Getting the Best Night’s Sleep
In previous articles we have explored the health benefits of exercising, nutrition and keeping hydrated. But we haven’t discussed the importance of a good night’s sleep, its effect on overall health and how to achieve a better night’s sleep.
Relaxation techniques aim to clear the mind and help you sleep. Things that may help could be listening to relaxing music, reading or visualisation. Another source of relaxation could be to practice mindfulness and meditation. The NHS describe mindfulness as paying more attention to the present moment – to your own thoughts and feelings, and to the world around you.¹ Such strategies can improve your mental well-being, you can begin your mindfulness journey with tailored guides available via apps like Headspace and Calm.
Create A Sleep Routine
Going to sleep and waking up at the same time every day, even on the weekend, is crucial for setting your body’s internal clock. Staying consistent also means that the quality of your sleep will be better. You could also create a bedtime ritual – whether it be settling down with a good book before bed, practising mindfulness or even a hot bath – keeping things consistent will signal to your body and mind that you are going to sleep. For more advice visit Young Minds.
Stay Away From The Caffeine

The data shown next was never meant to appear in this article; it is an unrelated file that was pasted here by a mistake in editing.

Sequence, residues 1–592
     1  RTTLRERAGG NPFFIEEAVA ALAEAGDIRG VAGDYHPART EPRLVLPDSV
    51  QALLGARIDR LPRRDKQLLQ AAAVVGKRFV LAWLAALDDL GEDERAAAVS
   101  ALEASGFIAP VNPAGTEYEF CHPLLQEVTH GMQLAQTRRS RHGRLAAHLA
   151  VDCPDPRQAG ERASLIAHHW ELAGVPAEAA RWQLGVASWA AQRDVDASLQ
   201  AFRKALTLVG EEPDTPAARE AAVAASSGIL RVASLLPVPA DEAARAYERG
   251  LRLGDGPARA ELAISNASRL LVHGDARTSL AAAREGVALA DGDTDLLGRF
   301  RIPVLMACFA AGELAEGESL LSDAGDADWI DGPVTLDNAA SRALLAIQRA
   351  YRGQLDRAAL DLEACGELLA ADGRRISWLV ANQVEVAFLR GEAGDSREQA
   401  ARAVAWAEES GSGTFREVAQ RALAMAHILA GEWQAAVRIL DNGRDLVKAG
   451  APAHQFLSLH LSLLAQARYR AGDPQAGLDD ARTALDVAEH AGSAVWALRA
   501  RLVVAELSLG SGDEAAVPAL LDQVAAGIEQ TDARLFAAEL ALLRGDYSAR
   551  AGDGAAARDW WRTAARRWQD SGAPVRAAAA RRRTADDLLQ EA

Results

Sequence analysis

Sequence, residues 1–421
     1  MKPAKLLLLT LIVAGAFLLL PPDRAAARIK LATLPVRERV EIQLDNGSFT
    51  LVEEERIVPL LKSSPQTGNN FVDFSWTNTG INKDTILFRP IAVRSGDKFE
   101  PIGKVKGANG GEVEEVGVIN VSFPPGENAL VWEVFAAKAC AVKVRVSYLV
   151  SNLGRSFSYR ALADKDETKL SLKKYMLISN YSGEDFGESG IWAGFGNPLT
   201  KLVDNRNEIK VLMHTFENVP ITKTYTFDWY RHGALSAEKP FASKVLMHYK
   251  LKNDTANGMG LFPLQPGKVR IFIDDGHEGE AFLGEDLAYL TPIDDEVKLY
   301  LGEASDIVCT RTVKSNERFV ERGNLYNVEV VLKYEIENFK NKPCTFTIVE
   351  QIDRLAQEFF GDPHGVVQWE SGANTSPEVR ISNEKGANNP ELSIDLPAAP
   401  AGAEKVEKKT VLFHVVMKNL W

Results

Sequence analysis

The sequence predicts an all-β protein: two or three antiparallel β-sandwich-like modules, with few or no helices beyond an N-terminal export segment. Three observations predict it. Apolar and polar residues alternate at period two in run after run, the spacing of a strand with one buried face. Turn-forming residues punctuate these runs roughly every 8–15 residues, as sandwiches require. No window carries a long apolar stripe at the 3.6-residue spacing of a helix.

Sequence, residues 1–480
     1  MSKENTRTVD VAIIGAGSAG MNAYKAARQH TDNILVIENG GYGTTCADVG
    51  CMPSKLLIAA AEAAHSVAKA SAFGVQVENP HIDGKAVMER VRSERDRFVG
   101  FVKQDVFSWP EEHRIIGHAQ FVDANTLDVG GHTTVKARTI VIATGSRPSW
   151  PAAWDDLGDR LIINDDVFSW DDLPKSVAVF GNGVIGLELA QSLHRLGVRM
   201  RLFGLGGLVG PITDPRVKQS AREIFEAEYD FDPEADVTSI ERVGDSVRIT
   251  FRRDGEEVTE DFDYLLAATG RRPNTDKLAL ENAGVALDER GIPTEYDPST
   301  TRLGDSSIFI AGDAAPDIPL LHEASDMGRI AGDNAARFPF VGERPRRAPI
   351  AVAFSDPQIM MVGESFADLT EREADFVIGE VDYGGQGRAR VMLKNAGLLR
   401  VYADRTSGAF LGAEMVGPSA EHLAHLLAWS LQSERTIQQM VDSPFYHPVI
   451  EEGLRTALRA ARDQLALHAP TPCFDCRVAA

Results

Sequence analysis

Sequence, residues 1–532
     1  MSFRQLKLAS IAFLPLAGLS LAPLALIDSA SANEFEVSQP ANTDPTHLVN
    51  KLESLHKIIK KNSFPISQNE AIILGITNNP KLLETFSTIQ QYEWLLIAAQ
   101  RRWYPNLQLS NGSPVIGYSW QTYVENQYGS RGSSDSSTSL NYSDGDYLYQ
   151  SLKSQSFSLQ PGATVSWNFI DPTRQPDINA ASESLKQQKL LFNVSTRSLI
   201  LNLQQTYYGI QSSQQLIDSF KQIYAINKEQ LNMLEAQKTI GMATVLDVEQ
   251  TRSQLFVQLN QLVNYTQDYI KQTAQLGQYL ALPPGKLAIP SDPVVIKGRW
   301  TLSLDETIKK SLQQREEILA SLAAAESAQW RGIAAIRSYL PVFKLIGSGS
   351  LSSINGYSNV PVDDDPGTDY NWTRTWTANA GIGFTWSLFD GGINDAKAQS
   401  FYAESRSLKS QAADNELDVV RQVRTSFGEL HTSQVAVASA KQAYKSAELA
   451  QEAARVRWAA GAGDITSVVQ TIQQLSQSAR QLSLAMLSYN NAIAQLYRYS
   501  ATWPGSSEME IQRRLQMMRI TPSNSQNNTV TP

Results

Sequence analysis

Caffeine has numerous benefits and is consumed by many, but its stimulating effect on your nervous system may stop your body from relaxing at night. An alternative would be to consume decaffeinated drinks in the evening or afternoon or perhaps keep drinking caffeinated tea and coffee in the morning.
Avoid Blue Screen Lights
Reading from a tablet or scrolling through your phone before bed can affect your ability to fall asleep. This is due to its effect on your circadian rhythm, tricking your brain into thinking it’s still daytime. Often there is a setting on your phone or laptop called ‘Night(time) mode’ that will tone down the blue light of your screen and make your eyes less stressed. Read more about the effects of blue light here.
Having a few alcoholic drinks before sleeping can negatively affect the quality of your sleep. Alcohol reduces rapid eye movement (REM) sleep. REM sleep happens 90 minutes after we fall asleep, and disruptions to your REM sleep may lead to daytime drowsiness and poor concentration. To read more about how alcohol can impact your sleep Sleep Foundation’s Website.